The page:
Hello Fellow Taxpayers,
Since I missed writing my weekly email over the past couple of weeks, I’m catching up. How about tax planning tips?
As we near the end of another year, it is time to talk about year-end income tax planning. In the last two years, we have seen many individual tax changes. There were some changes made that may have reduced certain tax deductions, increased others, and dramatically changed your tax return. There are still several tax planning tools available, and in this email, I will remind you of a few.
Immediate AND long-lasting planning tips:
- If your employer offers a 401-k plan, America’s #1 tax shelter continues to be deferring the maximum amount the IRS allows to your 401-k this and every year. Because employers are required by law to match a portion of your deferral, this is a tax deduction with free money!
- The Kaiser Family Foundation reports this year that: 41% of American W-2 employees will be covered by a health savings account at work. If your employer does not deposit the maximum amount allowable into this plan; you have until April 15, 2020, to add the remaining amount (up to the 2019 maximum) to this. The 2nd best tax planning move of all time.
- Remember that your Social Security benefit is based on your highest 35 years of earning. So, taking some time away from the workforce, or aggressively writing off business expenses can have a long-term adverse effect on retirement.
Saving money on Medical
- Some employers allow you to deposit your health savings account amounts through a cafeteria or 125 plan. If available to you, this is the best way to put your own money in because of the additional tax savings available by avoiding Social Security tax. You are probably too late to do much for this year but make this your 2020 New Year’s resolution.
- Fewer Americans are now able to itemize deductions because of the considerable benefit received from the increased standard deduction. That doesn’t mean that you still can’t do anything. One simple tool to get the best “bang for your buck” would be to practice what we call bunching of charitable contributions. This trick guides you to make charitable contributions every other year. That way you double up and get a deduction in some years without giving it up in others. Simply make your 2020 contributions as early as possible in 2020, and then make your 2021 contributions at the very end of 2020. So you “bunch” all your amounts in one year to potentially get the best-itemized deduction amount.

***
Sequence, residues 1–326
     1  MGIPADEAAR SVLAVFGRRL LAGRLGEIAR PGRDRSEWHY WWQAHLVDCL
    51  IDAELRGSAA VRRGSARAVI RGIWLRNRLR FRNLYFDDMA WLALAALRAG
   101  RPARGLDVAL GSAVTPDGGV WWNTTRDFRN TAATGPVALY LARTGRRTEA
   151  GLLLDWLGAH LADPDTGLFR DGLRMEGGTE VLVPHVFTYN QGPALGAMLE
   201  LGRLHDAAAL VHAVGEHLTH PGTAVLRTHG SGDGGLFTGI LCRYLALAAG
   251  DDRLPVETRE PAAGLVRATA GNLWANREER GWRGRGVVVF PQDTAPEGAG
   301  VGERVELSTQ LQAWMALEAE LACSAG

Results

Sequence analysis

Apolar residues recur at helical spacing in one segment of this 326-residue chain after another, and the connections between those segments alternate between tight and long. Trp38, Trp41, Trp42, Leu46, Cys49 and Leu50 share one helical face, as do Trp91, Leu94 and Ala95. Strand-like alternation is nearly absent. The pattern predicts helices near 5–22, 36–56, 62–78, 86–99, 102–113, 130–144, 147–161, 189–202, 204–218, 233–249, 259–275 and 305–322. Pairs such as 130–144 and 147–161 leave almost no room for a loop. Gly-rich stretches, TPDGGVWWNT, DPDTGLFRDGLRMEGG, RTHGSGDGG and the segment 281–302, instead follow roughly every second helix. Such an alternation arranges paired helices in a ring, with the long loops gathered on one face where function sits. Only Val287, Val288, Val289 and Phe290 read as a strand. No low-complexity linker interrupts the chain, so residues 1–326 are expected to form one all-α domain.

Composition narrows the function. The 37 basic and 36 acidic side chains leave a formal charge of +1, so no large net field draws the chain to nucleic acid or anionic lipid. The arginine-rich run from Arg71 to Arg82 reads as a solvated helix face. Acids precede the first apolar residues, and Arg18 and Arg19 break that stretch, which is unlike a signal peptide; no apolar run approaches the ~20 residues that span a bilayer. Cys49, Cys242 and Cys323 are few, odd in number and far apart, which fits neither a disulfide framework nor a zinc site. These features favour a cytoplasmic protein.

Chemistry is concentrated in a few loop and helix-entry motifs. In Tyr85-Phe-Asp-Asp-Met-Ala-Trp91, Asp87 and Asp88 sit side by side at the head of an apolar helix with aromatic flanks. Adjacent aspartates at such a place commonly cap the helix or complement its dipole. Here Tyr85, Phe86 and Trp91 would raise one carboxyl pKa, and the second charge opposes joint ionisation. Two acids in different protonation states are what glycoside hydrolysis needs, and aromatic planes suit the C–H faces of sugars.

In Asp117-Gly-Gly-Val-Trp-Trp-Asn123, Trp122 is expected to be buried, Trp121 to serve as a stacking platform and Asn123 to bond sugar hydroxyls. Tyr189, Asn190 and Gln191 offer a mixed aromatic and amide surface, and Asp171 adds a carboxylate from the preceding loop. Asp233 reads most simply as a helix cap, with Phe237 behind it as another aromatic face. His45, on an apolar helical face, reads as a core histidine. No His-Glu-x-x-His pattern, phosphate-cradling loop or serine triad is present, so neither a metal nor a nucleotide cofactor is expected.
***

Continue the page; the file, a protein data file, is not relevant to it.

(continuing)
- If you are over 70 and ½ and have an IRA, you should not be writing checks to charities. Instead, you should be using the “Direct IRA to charity” tool to avoid tax issues while qualifying for the required distribution rule.
Unreimbursed Employee Job Costs
Because there are no longer any deduction for work-related expenses, you must carefully read your employer’s handbook to see if they offer a reimbursement program for job-related expenses like licenses, dues, uniforms, supplies, etc.
- If you are considering selling some old stock investments, you might want to consider giving them directly to a charity. Avoid writing checks to charities because you can deduct the full fair market value of the stock you give away in most cases.
- We continue to worry about unreported foreign investments. We suggest you carefully consider whether you have control over a foreign checking account or hold stock outside the United States. These must be reported, or they essentially face a 50% penalty for each year.
- One of our annual overall planning tools is to advise “debt-free at 65”. This life-long goal is a basic element of financial and tax planning that is continuously overlooked in today’s era of 30-year mortgages and cheap refinancing options. With the much reduced itemized deduction availability of home mortgages, it is more potent than ever!
Additionally, this year, the IRS and Congress have become very concerned about crypto-currency (like Bitcoin). You must be sure to report any of these transactions. There is even a new question on every tax return asking about it. In the recently issued draft Schedule 1, the IRS specifically asks if you have any Cryptocurrency. All tax preparers “should” (I will) ask this question as there may tax consequences.
If you are considering: retirement, starting a small business, selling an investment, or a business or a college savings program, we strongly suggest you contact us for a planning meeting. Or for any of the ideas discussed in this email. There are some items you can take care of after January 1 in any tax year; such as making an IRA contribution. Most of these have to be done before the close of the tax year. Hope these tips were helpful to you.
So until next time,
Jeffrey “The Guru of Year-End Tax Planning” Schneider